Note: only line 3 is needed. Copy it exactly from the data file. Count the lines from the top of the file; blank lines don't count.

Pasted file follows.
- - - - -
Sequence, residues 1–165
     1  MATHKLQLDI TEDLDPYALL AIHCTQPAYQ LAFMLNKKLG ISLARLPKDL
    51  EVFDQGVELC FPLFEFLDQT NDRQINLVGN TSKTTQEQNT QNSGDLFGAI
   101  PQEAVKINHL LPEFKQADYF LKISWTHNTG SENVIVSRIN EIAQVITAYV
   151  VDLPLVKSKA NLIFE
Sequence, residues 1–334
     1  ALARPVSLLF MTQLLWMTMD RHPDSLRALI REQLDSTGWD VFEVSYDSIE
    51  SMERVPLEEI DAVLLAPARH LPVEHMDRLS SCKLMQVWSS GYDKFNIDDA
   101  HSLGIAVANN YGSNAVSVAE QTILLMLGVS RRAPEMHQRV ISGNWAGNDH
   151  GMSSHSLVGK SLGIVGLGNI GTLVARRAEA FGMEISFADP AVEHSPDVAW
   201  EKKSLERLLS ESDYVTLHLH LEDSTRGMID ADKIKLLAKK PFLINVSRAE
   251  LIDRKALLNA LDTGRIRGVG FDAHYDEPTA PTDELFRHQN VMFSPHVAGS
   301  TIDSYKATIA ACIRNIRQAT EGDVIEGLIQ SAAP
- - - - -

    51  EVFDQGVELC FPLFEFLDQT NDRQINLVGN TSKTTQEQNT QNSGDLFGAI